So, apparently it’s a British thing… I had never heard of a hot water crust until I started watching the Great British Baking Show. But, in the first season, the contestants were challenged to do a 3-tiered pie and I was amazed to see them unmold pies from springform pans and stack them on top of each other for service, so I figured I’d give it a try.
I’ve got to say, I was somewhat uncertain about trying the hot water crust based on what Cook’s Illustrated has to say on the topic of this kind of crust: “When we compared a hot-water crust in several recipes…with our Foolproof Pie Dough… we understood why it might not have been eaten in the past. …[S]ome tasters called it “mealy”…. While a hot-water crust is simple to prepare and easy to work with, stick with our Foolproof Pie Dough if you want pastry worth eating.”
Having taken their opinion into account, though, I checked out a few British sources for an authentic recipe and settled on one from the BBC, though, of course, I didn’t follow it precisely.
- I rendered beef suet to use in the crust, because I was out of fat back to render for lard and also because I was making a beef pot pie.
- I cut the amount of suet used in half and substituted butter for the other half because I was concerned that 100% beef fat would be too much.
- I added some salt, hers, and spices to the recipe to add some flavor in (and perhaps battle against the shortcomings that Cook’s Illustrated perceived).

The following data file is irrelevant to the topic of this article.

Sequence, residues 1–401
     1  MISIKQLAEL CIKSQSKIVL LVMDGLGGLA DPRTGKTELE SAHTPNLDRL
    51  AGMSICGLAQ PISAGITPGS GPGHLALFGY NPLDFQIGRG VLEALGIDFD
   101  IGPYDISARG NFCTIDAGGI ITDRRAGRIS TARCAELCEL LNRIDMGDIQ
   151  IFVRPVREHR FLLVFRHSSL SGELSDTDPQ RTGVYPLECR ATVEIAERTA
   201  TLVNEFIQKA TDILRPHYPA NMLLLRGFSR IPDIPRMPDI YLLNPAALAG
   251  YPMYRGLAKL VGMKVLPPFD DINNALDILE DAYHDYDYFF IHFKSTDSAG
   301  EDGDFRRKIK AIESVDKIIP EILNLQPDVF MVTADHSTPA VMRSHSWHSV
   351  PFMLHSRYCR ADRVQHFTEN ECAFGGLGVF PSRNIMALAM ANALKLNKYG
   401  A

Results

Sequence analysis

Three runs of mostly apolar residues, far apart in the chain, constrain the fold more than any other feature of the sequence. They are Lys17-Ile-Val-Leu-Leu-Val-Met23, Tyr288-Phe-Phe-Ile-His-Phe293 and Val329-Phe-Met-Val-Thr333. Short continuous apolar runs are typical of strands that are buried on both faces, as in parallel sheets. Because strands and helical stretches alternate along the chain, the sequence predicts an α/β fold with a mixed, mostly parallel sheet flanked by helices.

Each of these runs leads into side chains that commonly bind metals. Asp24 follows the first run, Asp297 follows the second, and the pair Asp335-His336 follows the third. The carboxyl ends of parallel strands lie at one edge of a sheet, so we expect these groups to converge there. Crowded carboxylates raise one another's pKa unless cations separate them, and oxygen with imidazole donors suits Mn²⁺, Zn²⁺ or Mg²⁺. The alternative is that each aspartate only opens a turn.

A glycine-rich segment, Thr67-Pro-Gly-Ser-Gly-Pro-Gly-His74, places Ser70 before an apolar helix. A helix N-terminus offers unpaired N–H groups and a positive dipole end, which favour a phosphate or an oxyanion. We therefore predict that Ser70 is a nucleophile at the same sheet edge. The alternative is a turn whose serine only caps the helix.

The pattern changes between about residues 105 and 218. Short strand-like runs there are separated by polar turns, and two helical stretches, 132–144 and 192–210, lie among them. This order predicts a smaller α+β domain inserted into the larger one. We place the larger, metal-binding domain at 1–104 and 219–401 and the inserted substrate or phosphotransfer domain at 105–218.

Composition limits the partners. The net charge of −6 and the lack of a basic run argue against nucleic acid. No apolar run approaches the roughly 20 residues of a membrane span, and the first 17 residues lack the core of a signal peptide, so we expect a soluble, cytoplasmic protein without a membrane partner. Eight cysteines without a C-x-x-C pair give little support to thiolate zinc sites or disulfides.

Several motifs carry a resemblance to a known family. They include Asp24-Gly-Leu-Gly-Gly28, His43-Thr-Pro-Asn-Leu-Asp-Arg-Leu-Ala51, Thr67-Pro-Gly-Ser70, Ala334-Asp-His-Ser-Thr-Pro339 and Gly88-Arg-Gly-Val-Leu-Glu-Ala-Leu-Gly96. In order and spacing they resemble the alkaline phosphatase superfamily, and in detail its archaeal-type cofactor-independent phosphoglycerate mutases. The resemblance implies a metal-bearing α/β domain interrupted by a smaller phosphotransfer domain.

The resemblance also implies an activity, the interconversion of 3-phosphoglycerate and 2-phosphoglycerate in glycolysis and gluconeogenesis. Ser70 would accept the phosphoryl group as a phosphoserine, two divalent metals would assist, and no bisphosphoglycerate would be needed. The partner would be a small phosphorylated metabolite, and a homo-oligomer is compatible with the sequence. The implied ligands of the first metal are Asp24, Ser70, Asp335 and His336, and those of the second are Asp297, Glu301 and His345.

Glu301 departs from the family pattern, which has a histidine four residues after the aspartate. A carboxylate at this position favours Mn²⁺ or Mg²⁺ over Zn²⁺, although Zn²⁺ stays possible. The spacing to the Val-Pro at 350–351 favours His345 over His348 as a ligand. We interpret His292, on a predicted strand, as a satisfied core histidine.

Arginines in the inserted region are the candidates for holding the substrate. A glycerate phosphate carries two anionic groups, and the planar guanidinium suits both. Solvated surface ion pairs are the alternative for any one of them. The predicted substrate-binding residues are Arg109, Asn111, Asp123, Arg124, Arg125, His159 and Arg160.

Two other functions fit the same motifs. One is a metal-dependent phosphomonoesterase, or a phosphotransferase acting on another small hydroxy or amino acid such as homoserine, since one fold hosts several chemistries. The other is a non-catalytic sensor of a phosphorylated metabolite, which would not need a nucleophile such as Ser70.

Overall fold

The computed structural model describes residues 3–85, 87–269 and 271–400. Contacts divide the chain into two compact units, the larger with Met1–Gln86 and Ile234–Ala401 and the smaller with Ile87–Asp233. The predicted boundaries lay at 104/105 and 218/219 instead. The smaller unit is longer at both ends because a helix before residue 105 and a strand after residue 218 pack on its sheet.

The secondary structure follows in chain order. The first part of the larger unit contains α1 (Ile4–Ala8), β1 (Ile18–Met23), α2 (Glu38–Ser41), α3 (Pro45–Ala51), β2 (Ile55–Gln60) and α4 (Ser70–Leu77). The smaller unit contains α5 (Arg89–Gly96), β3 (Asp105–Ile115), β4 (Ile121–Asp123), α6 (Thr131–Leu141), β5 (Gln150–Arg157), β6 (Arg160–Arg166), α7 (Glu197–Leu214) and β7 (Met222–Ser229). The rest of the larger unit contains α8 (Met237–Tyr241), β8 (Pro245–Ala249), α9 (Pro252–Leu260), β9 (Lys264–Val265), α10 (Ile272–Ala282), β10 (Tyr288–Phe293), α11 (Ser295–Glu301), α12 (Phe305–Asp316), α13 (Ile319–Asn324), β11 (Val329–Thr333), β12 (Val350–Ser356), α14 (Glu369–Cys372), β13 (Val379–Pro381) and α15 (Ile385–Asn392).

- 100g Beef Fat (or Lard)
- 100g Butter
- 220mL Water (I measured in grams on my scale)
- 575g All Purpose Flour
- 1 tsp Kosher Salt
- Herbs (oregano, marjoram, thyme)
- Spices (Aleppo Pepper, Garlic Powder, Paprika)
- 4 quarts combined leftovers from a roast beef and roasted vegetable dinner, including about a cup of croutons, and moistened with a bit of tomato juice.
- Next time I do this, I am leaning toward using braised, shredded meat instead of roasted meat. Either will work just fine, though.
- Preheat oven to 375.
- Combine butter, animal fat, and water in a saucepan. Bring to a boil.
- Meanwhile, measure dry ingredients into a large bowl.
- Pour hot water and fat mixture into the flour mixture. Combine with a wooden spoon and then turn out onto a lightly floured surface. Knead until smooth.
- Cut 1/4 of the dough off for the top crust, then roll the rest out into a large circle. It will not roll like a normal pie crust, but rather has an almost bready consistency. I had a bit of an issue getting it to pick up and transfer without tearing; I might try putting down a bit more flour before rolling next time.
- Transfer the bottom crust to a 24″ springform pan. Lift the edges and fit it into the bottom of the dish all the way around. Cur some scraps from the edges and press in to patch any holes that develop.
- Press your 4 quarts of filling into the pan. Roll out the top crust, place on top, and fold the bottom crust up over the top and crimp closed to guard against leaks (Paul and Mary don’t want the pie to have any leaks). Cut some vent holes in the top. From what I can tell, one centrally placed hole is typical for the Brits; sometimes they will use a cinnamon stick as the vent (and, one would assume, to impart flavor into the pie as it bakes)
- Bake for about 30 minutes at 375, then drop the temperature to 350 and bake for another 60.
- When the crust has developed an attractive golden brown and the pie is baked all the way through, set it on a raised surface (such as a jar) and release it from the springform pan. Slide onto a plate or cutting board for service.